A step-by-step guide to planning a corporate event.
Organising corporate events can seem overwhelming. Even for small events. Between checking venue availability and getting quotes from suppliers the process seems endless.
However, to make your life easy, we’ve broken down the entire process into simple steps:
- Establish the scope of your event
- Determine your budget
- Decide on the date
- Search for a venue
- Get a quote for the catering
- Contact the remaining suppliers
- Finalise the budget
- Place your bookings
- Plan how you’re going to engage your audience
- Create a Schedule
- Start marketing your event
Let’s dive in.
1. Establish the scope of your event
Make it crystal clear why you’re planning a corporate event and for whom. Every decision you take later on will relate to this.
What’s the event type?
There are many different types of corporate events. For example seminars, trade shows, incentive events, Christmas parties… the list goes on and on. We’ve dedicated an entire article to cover the most common types of corporate events.
If you aren’t sure what type of event you’re planning, check out the list and then come back for the next planning steps.
What’s the objective of the event?
Every event has an objective. It can be very tangible, for example, sales or intangible, for example sustaining your company culture.
Take the time to clarify what you want to gain from hosting an event. Every decision after that should be in line with this objective.
Also, don’t try to shoehorn too many objectives into a single event. For example, generating new leads and recruiting require separate events. It’s more expensive, but cutting corners won’t get you anywhere.
Pro-tip: When setting goals, it’s recommended to use the SMART framework (Specific, Measurable, Attainable, Relevant and Time-bound). If you aren’t familiar with this framework, check out this article by HubSpot.
What is the size of the event?
What you consider a big or a small event is very subjective to the size of your company and your industry. However, as a rule of thumb:
- Less and 100 people is considered a mini-event. For example internal seminars, company milestones and more.
- 100 to 250 people is considered a medium-sized event. For example family open days, Christmas parties and more.
- 1000 people is considered a medium-size event. For example conferences, office launch and more.
- Large events are anything past 1000 people. For example wedding tradeshows, industry summits and more.
As a rule of thumb, bigger events are usually for-profit events (i.e hosting the event will generate money) while the smaller ones have other objectives.
2. Determine your budget
Once you’ve established the scope of the event, you’ll want to determine your budget. At this stage you don’t need exact figures, just estimates.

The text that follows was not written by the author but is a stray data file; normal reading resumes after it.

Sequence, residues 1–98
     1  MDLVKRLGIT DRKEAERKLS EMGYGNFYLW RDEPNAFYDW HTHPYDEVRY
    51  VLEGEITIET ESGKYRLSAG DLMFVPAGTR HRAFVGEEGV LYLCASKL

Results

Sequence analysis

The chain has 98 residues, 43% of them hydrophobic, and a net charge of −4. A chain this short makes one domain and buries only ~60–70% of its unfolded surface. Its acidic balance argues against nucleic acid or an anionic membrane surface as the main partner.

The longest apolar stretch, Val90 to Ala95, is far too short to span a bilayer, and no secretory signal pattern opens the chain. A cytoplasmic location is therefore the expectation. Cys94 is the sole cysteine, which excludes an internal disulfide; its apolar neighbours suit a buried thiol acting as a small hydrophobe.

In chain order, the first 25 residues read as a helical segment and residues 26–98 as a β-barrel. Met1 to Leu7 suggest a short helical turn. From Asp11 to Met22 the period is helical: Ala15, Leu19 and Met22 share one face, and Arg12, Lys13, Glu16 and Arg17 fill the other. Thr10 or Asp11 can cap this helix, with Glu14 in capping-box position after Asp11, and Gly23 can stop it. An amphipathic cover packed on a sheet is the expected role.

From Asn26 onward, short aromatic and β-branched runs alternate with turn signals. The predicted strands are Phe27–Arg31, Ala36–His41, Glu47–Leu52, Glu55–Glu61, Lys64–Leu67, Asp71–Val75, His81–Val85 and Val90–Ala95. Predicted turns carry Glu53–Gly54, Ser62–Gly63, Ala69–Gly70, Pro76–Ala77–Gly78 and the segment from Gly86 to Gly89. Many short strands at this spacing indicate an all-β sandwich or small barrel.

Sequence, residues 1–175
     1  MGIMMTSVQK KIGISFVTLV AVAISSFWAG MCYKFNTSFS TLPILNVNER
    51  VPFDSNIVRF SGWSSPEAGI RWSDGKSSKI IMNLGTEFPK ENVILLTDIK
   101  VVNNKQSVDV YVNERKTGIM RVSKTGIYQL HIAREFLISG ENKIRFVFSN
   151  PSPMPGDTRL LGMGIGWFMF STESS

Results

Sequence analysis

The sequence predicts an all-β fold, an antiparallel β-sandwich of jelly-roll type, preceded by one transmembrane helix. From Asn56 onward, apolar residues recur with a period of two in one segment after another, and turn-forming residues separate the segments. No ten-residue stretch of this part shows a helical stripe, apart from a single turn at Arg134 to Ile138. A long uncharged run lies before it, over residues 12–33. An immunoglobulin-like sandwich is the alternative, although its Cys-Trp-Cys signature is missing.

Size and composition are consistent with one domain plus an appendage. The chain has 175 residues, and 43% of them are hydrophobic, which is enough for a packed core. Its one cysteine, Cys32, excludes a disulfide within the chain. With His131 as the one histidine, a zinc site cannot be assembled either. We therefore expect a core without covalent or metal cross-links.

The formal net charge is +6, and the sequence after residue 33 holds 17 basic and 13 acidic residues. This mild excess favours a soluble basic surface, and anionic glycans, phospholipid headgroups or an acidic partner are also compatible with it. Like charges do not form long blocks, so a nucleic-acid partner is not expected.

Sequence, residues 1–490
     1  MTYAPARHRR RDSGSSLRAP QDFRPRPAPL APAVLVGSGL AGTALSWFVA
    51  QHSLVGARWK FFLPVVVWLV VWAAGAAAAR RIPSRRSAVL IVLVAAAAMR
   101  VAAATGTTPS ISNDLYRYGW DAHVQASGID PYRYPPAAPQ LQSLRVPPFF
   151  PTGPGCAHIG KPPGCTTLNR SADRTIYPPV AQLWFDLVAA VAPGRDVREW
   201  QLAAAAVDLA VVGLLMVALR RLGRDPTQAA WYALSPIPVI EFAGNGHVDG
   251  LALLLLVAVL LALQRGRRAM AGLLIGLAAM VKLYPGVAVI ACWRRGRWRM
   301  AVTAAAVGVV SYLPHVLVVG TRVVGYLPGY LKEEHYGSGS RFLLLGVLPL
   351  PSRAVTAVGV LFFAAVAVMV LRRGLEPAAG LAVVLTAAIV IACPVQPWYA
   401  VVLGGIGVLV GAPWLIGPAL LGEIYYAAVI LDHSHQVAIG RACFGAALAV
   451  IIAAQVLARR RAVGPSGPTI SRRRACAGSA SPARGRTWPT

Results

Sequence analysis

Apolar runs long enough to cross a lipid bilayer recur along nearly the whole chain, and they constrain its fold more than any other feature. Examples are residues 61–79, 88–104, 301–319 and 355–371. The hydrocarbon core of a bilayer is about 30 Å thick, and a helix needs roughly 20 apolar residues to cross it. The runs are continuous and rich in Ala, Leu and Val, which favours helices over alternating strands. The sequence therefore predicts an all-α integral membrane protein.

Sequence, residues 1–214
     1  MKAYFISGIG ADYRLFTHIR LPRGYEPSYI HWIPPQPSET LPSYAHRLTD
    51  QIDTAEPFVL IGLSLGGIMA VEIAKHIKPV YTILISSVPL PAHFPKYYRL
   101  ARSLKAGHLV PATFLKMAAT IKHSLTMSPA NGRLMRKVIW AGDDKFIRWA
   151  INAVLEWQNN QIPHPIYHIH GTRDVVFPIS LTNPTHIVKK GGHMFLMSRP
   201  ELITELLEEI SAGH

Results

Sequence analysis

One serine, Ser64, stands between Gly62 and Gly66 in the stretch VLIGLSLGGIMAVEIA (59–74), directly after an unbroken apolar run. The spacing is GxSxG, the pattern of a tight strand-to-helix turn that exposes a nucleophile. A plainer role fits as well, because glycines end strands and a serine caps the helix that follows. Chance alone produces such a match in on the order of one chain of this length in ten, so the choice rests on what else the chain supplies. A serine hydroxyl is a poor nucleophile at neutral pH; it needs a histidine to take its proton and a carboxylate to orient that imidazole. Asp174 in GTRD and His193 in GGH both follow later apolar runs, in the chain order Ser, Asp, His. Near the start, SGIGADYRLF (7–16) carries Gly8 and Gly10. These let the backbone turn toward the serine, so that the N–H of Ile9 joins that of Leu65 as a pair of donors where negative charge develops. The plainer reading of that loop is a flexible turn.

Keep in mind that planning a corporate event is expensive. Don’t be surprised if your figures seem outlandish!
Estimate how much the event will cost?
This step isn’t essential but it’s nice to have an estimate of what overall cost is likely to be.
There are a few ways you can achieve this. For example, if you’ve hosted similar events in the past, you can base your estimate off of your previous budget.
However, if there is no easy way for you to get an estimate, skip this step. You’re going to need to reach out to all the suppliers anyway.
What is your company’s budget?
Decide internally what you’re willing to spend for the event.
Your available budget will have the single biggest impact on your event. Again, at this stage, you don’t need a to-the-penny amount just an estimate of what your budget is.
Compare your estimate with what your company is willing to spend. If it matches great, otherwise try to see if you can plan a cheaper event. There is no point planning your dream event, only to be told you don’t have the budget for it.
3. Decide on the date
The easiest is just to choose a single date that works for you and work from there.
However, if you want a bit more flexibility, select a couple of tentative dates for your event. Two or three is fine. Narrow down your choice of the date after you’ve contacted the venues & the catering (see next steps).
If you want to host an event during a “busy period” (for example near Christmas) start planning as soon as possible. Availability fills up fast.
Also, don’t assume Saturdays are necessarily the best. The ideal day of the week will vary depending on your event and your audience.
4. Search for a venue
Find two or three different venues, at different prices points that could host your event. For each venue get the following information: